Fully Alive vocation rally helps sixth-graders open eyes to life’s opportunities
By DIANE SCHLINDWEIN
WOOD RIVER — On Nov. 7, 220 sixth-graders from Catholic schools in the Alton deanery, along with students from St. John the Evangelist School in Carrollton, gathered at Holy Angels in Wood River for Fully Alive, a vocation day aimed to open the hearts of the very young. That day the students attended Mass, heard speakers, became better acquainted with others from different schools, took part in eucharistic adoration, and interacted with priests, religious sisters, and postulants.
“Research has shown that young people begin seriously thinking about their future and asking the vocational question at around 11 years old,” said Sister M. Karolyn Nunes, FSGM, vocation director of the Sisters of St. Francis of the Martyr St. George. Sister Karolyn and Father Rob Johnson, associate vocation director for the Alton Deanery and pastor of Mother of Perpetual Help in Maryville, were the main presenters for the day.
“The goal of the day was to invite the students to grow in relationship with God and to ask the question, ‘Jesus, how do you make me to be fully alive?’” Sister Karolyn said. “What’s best for the Church is that each individual person lives his or her own vocation. The more each of our students can grow in relationship with God, they will be more firmly rooted in their identity and more prepared to be sent on mission.”
Father Don Wolford, pastor at Holy Angels, opened up his parish for the day. “Father Wolford, who was with us for the day, was incredibly hospitable and the church, gym, and parish hall were great spaces for the group we had,” said Sister Karolyn. “We were also blessed with an unseasonably warm day that allowed the students to eat and play outside during lunch.”
Sister Karolyn said she was impressed with the group. “I have a lot of experience in catechesis and evangelization for people of various age levels, so it came pretty naturally to capitalize on the youthful energy of middle schoolers,” she said. “I was particularly struck that because of the restored order of the sacraments, all of the Catholic participants were confirmed. That meant fertile soil to receive more from the day. We spent some time in adoration to close out the day together and most people would be amazed at how beautifully a church full of sixth-graders entered into the invitation to be with Jesus during that time.”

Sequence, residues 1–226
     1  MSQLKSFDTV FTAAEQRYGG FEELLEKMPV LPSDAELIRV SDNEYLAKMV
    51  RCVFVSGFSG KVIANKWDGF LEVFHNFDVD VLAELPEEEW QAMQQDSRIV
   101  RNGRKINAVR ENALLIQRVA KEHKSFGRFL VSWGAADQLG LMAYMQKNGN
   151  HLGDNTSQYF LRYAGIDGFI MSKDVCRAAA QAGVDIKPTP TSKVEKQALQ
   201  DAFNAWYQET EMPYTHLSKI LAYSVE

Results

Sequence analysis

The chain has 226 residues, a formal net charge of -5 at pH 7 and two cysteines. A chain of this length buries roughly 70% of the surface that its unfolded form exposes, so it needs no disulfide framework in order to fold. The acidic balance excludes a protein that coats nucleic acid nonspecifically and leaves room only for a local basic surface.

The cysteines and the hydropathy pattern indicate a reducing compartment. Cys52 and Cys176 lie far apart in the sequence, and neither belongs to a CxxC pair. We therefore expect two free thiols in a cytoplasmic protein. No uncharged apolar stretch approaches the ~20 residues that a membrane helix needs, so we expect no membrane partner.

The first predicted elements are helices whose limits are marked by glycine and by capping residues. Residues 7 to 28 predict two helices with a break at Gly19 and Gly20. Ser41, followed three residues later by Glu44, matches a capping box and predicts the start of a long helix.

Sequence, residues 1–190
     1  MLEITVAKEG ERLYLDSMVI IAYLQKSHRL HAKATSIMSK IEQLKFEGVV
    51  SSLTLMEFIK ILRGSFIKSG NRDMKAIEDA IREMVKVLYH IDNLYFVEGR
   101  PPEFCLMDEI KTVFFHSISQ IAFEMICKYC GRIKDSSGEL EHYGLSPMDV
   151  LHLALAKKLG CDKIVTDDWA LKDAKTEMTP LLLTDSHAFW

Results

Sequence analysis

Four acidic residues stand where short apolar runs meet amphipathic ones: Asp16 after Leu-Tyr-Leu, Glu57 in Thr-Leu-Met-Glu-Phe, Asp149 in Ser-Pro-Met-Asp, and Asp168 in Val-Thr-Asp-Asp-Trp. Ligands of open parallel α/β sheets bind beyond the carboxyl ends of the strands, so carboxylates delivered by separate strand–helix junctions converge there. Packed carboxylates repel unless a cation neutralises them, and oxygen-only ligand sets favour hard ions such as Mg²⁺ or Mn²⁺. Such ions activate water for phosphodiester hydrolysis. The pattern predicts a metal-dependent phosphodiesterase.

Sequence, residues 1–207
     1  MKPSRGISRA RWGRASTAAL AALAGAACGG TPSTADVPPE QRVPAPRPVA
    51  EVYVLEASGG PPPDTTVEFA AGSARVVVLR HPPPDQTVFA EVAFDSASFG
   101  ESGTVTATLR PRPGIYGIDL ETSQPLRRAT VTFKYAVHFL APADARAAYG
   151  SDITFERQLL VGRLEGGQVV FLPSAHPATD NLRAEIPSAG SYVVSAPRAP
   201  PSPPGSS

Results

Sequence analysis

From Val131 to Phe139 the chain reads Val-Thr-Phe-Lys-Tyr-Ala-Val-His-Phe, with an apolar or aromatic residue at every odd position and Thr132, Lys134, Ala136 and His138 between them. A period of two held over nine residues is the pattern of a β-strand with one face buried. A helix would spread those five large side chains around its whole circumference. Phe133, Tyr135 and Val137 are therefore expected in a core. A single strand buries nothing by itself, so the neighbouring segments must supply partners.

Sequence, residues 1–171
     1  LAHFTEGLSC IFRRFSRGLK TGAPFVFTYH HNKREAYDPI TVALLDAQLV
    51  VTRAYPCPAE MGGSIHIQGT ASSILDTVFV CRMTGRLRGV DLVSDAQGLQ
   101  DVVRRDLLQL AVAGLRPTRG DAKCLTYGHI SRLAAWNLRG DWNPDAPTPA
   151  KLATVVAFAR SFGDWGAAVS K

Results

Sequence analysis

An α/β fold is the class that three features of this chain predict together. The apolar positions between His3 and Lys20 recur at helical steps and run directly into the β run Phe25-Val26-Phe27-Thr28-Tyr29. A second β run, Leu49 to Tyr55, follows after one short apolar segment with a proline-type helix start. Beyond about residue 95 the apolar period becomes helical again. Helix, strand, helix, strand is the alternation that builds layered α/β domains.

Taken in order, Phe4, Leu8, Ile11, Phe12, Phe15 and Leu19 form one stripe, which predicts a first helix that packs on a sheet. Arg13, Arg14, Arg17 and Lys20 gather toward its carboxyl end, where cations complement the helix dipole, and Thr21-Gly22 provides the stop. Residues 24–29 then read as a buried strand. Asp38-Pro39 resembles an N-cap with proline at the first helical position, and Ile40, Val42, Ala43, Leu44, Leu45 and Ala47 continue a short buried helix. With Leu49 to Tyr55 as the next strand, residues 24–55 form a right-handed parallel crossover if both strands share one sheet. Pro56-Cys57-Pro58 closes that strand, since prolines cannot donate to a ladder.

Father Johnson said he was thankful for the youngsters and how they reacted to the day. “It’s amazing how powerful the Gospel is and how much Jesus can do if we simply stay out of His way,” he said. “All we really did during the Alton deanery vocation day was put the kids in front of Jesus in the Blessed Sacrament and talked to them about His desire to have a good relationship and friendship with them, to give them their deepest identities as sons and daughters of God the Father, and to entrust a mission to them that leads to fullness of life and freedom and joy. Watching the kids get to be kids during a day totally centered on Jesus was awesome. I am excited to see the fruit it bears.”
Bishop Thomas John Paprocki concelebrated Mass, along with some priests, and was assisted by Deacon Bill Kessler of St. Ambrose Parish in Godfrey , who is a Serra Club member. Other priests that spent time with the students were Father Dominic Rankin, promoter of vocations and priest secretary to the bishop; Father Michael Haag, pastor of Ss. Peter and Paul in Collinsville; Father Pat Jakel, pastor of St. Paul in Highland; Father Steve Janoski, pastor of St. Ambrose in Godfrey; Father Leland Thorpe, OMV, parochial vicar at St. Mary in Alton and chaplain at Marquette Catholic High School; and Father Alfred Tumwesigye, pastor of St. Elizabeth in Granite City.